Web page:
WPI’s Curation, Preservation, and Archives staff are blogging a few of their favorite things to celebrate American Archives Month! What’s your favorite archival object? Let us know in the comments below!
[avatar user=”lbrueck” /]
When asked what my favorite object in the Archives was, I immediately responded “Charles Thompson’s teapot.” To me, it is a tangible symbol of the roots of the Worcester County Free Institute for Industrial Science—of the simplicity, but elegance, of the fledgling school on the hill.
Charles Thompson was the first “principal” of the Institute, but his duties encompassed so much more than one would expect. There were no administrative assistants –not even any typewriters– when the doors opened to the first students on November 11, 1868. Thompson responded to all correspondence himself, dutifully recorded in letter press books, which due to their fragility have been transcribed by Archives staff. The letters Thompson posted show that he handled matters including sending catalogs to prospective students and their parents, purchasing books and supplies, dealing with ill and absent students, and much more. In addition to daily operations, Thompson established the curriculum, reported to the trustees, balanced the books, hired faculty, and served as chemistry professor.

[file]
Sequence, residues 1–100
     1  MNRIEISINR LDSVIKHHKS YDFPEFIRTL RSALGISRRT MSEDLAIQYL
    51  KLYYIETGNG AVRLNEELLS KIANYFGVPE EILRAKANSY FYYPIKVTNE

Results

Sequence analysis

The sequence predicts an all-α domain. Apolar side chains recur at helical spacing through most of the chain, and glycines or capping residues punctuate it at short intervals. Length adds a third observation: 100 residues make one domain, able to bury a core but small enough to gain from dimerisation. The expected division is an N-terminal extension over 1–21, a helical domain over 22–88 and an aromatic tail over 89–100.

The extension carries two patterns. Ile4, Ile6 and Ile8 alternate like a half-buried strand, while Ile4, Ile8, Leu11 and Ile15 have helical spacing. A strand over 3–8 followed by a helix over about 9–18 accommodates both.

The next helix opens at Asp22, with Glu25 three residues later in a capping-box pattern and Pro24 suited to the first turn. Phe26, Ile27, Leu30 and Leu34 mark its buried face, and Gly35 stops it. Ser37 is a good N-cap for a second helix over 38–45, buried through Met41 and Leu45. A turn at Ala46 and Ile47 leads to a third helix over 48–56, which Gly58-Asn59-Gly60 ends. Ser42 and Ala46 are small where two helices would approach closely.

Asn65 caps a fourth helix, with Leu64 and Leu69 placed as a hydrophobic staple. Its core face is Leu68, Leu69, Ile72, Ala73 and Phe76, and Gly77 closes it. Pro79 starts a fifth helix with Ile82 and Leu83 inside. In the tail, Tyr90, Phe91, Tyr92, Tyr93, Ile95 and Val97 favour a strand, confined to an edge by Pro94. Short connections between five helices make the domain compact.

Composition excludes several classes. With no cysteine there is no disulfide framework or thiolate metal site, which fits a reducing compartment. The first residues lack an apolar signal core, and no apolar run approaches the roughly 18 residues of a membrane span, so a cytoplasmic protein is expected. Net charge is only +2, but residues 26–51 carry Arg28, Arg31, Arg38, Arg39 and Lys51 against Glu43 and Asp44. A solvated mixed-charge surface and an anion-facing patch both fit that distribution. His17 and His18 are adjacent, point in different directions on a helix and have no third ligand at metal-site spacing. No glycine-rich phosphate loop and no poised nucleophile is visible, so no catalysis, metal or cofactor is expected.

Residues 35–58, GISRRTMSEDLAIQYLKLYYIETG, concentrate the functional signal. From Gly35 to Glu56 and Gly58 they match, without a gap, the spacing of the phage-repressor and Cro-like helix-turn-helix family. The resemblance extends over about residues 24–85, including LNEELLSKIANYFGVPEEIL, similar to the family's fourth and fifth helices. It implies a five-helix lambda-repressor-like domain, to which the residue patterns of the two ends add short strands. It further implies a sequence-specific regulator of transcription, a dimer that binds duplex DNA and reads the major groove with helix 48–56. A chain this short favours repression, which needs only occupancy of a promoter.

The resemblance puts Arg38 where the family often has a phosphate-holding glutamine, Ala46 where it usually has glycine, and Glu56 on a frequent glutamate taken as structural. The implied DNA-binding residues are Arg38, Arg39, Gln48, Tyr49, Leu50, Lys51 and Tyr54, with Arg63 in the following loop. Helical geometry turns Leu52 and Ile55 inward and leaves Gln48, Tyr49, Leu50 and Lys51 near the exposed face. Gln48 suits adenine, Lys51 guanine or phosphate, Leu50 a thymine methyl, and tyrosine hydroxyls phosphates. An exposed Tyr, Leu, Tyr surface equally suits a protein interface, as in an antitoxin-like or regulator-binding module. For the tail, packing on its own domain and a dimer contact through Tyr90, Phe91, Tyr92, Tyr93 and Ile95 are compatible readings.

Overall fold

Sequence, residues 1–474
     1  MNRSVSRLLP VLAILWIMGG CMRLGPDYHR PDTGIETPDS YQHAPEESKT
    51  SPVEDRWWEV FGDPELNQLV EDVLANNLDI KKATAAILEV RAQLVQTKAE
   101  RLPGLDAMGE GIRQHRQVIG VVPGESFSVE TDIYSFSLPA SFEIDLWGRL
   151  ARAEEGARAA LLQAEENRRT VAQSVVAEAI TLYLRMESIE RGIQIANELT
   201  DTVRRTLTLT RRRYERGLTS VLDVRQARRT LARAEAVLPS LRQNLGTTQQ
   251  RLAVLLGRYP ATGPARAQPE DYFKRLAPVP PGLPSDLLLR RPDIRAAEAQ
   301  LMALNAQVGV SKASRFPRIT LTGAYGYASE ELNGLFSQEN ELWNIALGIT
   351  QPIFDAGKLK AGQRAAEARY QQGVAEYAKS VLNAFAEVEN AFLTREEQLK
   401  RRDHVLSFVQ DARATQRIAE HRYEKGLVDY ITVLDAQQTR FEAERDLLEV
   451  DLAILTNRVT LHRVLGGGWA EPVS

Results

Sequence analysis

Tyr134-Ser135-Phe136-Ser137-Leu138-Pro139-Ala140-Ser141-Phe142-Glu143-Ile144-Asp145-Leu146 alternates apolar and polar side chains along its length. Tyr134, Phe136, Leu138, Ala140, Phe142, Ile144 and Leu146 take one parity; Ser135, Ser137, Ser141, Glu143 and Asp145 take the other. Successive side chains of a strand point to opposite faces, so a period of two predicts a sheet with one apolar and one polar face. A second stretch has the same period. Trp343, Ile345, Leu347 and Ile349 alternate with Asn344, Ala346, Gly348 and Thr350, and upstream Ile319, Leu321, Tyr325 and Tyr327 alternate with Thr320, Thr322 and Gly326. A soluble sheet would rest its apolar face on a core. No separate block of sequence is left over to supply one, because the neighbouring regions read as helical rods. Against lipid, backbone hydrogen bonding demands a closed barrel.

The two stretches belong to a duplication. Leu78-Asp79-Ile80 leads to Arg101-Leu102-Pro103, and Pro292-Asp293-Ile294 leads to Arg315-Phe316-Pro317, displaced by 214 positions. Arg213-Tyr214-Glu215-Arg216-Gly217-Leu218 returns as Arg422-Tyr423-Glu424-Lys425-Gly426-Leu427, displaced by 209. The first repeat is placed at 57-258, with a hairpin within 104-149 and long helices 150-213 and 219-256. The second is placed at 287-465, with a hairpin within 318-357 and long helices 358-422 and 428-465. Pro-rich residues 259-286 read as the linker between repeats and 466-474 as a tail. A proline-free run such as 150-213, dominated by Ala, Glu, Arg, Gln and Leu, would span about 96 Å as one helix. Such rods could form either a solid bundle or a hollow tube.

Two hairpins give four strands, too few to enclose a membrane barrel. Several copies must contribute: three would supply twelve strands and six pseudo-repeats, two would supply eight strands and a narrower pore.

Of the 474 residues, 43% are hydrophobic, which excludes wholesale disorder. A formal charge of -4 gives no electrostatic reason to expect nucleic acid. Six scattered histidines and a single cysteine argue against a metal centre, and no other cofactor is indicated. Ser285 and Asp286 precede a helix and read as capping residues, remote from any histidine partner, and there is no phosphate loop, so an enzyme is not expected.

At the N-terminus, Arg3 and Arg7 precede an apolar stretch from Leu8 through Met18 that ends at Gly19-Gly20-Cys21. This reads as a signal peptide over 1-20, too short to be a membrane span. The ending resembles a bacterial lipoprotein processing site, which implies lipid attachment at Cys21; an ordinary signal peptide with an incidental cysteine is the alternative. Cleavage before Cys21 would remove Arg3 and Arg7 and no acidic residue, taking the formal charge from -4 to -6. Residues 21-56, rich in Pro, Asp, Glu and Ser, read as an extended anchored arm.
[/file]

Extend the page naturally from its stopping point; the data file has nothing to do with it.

The significance of the images on the teapot is unknown. On one side a young couple is heading forth with tools to work the land; on the other side is a young affluent couple strolling arm in arm with a picnic basket.
Whatever the meaning, looking at the teapot today, one can almost see him huddled in his cold office on the first floor of Boynton Hall, finding comfort in a cup of tea, while attending to the affairs of the school that would become Worcester Polytechnic Institute.